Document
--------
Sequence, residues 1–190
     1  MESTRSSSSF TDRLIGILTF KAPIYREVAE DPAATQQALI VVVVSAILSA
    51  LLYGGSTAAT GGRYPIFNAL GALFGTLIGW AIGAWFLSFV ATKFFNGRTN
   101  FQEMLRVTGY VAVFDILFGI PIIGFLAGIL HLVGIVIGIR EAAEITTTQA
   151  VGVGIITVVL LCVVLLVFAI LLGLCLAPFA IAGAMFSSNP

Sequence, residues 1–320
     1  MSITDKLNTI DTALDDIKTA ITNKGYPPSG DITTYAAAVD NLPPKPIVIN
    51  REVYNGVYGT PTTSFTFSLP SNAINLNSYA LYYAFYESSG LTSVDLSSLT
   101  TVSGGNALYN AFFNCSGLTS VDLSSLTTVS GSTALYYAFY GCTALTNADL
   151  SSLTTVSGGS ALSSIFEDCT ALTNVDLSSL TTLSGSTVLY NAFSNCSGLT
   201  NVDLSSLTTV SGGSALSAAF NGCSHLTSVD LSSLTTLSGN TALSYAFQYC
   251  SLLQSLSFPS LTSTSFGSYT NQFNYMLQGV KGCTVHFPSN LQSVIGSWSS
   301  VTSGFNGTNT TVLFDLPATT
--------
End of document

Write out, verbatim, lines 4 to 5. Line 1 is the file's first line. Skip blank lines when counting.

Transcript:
   101  FQEMLRVTGY VAVFDILFGI PIIGFLAGIL HLVGIVIGIR EAAEITTTQA
   151  VGVGIITVVL LCVVLLVFAI LLGLCLAPFA IAGAMFSSNP